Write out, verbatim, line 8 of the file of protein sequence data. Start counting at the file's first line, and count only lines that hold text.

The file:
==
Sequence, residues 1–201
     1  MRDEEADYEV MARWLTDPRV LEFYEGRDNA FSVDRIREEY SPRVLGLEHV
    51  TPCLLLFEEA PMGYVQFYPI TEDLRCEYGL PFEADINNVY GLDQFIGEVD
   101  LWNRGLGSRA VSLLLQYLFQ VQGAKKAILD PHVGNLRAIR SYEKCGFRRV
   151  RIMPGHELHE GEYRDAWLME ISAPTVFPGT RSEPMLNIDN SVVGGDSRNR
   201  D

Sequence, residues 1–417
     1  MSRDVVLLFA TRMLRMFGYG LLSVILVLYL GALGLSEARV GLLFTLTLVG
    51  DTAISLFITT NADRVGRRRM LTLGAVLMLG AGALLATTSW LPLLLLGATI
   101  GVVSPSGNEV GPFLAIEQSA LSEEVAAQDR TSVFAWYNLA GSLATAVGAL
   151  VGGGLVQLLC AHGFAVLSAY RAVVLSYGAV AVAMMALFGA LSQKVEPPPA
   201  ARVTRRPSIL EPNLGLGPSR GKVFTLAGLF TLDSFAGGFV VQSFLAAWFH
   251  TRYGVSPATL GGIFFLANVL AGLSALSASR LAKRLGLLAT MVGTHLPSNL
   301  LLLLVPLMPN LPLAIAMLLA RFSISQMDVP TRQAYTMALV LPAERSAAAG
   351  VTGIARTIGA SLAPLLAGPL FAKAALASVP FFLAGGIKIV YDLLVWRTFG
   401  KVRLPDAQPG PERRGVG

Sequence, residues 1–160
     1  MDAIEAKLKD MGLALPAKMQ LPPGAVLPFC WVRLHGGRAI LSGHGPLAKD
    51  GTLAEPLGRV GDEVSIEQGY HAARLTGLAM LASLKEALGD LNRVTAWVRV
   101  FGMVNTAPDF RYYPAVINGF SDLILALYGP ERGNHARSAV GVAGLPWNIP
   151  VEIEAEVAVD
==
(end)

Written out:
     1  MSRDVVLLFA TRMLRMFGYG LLSVILVLYL GALGLSEARV GLLFTLTLVG